The quantitative relationships shown in this survey were the only ones that met a minimum (p<.05) standard for significance testing. That served as a convenient way to discard results that didn’t prove interesting. For current purposes, though, statistical significance isn’t a particularly relevant measure.
Statistical significance has a very defined meaning. In broadly simplified terms, it means that the result one finds in a sample group is likely also to be true of the entire population one samples from. It requires that the overall population be well defined, and that the sample be randomly chosen from among that full population. Our convenience sample for this survey was neither a random sample, nor was it drawn from a well-defined overall population; therefore statistical significance is an irrelevant measure for our use.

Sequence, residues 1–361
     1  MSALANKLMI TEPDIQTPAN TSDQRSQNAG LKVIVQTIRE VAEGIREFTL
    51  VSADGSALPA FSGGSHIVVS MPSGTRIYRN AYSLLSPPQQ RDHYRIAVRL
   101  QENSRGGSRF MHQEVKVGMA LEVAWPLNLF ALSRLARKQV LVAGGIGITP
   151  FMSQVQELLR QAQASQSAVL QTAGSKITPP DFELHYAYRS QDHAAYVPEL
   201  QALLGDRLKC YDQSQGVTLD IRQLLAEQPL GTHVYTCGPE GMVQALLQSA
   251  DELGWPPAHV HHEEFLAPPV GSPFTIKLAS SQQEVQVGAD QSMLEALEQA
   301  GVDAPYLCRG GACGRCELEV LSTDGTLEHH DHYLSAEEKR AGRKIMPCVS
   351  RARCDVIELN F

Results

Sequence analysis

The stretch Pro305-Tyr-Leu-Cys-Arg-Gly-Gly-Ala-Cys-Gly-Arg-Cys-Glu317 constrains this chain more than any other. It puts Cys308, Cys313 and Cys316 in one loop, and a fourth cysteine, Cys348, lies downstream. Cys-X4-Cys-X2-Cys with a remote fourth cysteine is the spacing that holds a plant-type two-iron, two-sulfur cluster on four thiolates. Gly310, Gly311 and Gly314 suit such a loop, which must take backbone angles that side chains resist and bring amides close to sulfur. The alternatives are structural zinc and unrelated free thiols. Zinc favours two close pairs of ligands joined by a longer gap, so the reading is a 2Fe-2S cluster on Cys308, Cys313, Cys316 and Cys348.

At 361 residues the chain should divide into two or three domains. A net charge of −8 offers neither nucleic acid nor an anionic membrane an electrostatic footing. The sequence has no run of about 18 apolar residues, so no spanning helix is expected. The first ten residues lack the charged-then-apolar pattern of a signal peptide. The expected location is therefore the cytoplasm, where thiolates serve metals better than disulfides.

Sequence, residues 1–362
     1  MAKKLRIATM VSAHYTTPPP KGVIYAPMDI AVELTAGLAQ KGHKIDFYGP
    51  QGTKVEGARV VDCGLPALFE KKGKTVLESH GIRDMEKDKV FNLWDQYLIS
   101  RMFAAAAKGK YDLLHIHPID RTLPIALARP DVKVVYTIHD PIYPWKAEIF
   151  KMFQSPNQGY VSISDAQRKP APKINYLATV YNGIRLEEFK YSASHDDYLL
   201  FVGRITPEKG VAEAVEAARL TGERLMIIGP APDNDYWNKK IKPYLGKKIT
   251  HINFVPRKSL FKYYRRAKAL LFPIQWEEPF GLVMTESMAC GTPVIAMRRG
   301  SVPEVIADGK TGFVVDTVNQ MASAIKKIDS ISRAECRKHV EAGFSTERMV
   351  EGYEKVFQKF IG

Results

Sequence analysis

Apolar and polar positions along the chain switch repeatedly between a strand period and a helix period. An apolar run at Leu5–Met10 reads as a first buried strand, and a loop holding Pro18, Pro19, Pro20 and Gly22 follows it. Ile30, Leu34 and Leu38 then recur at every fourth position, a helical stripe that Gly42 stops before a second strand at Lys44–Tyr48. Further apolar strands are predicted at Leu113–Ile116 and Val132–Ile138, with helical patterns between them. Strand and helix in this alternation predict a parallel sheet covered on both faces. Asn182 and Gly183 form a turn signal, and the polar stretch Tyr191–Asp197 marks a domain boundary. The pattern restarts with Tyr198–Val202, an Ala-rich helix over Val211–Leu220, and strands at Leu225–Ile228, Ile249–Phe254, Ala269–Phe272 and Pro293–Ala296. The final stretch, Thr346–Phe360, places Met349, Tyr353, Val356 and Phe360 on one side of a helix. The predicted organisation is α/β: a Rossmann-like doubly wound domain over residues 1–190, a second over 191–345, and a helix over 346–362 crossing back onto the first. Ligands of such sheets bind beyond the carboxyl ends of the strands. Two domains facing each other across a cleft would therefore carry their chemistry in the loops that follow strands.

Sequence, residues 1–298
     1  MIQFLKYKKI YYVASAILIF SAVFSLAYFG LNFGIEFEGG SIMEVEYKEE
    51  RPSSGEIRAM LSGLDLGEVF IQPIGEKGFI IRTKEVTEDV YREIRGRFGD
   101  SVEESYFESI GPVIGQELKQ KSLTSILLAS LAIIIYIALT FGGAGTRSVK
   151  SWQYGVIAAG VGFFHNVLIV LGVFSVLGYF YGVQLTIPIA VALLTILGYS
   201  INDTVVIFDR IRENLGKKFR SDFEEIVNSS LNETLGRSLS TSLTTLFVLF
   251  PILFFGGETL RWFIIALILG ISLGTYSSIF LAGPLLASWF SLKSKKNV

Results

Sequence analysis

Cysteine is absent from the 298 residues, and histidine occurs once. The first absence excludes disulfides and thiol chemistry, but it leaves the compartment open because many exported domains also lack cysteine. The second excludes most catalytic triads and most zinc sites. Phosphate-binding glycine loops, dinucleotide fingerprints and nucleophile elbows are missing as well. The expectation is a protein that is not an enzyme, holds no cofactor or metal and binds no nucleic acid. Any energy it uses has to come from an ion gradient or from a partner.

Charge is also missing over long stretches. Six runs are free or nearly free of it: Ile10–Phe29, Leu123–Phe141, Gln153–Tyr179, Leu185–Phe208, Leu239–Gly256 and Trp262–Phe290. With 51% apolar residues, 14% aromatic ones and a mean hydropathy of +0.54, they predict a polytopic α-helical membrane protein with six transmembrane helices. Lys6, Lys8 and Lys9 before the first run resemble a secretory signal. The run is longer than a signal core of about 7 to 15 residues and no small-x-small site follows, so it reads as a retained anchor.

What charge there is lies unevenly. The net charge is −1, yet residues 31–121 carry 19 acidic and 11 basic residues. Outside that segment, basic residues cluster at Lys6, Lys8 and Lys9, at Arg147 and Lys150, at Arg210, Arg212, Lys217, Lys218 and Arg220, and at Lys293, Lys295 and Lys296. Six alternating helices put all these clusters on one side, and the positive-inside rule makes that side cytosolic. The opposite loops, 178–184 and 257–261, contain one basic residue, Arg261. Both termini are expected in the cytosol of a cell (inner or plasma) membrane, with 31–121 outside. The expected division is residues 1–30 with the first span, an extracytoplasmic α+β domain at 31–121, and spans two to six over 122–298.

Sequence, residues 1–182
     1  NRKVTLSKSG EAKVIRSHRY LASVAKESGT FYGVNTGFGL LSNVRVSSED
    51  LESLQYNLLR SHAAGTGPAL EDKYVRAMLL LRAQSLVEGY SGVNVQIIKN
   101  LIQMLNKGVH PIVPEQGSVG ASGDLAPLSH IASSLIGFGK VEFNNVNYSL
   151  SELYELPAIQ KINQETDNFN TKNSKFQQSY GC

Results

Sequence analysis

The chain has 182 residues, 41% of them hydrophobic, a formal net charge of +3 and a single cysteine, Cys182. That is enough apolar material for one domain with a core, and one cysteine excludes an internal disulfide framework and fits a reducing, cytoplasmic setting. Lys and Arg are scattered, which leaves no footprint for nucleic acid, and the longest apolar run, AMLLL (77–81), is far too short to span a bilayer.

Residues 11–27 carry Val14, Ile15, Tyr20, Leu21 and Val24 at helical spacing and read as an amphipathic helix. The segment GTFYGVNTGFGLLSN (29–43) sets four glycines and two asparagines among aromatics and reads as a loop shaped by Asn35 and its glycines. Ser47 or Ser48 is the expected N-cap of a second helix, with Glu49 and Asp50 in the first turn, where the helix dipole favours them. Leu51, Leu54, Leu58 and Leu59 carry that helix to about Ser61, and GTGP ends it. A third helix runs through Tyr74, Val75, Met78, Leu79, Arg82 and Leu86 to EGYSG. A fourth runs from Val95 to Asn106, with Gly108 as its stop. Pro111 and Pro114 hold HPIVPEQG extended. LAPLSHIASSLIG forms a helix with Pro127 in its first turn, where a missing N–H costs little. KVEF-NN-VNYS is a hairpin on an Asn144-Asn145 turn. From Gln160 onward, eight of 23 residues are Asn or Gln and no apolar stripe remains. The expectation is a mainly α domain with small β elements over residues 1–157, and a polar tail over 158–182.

The best way to view the findings here, then, is with cautious interest. The results we show here are interesting, and there’s a reasonably good likelihood they represent reality as applied to some overall population (particularly one whose demographics match the sample’s). The results match theory, which lends them credence. Therefore, it’s probably not a bad idea to test these results by putting their implications into practice in real ministry situations. Anything more definitive than that is hard to say, however.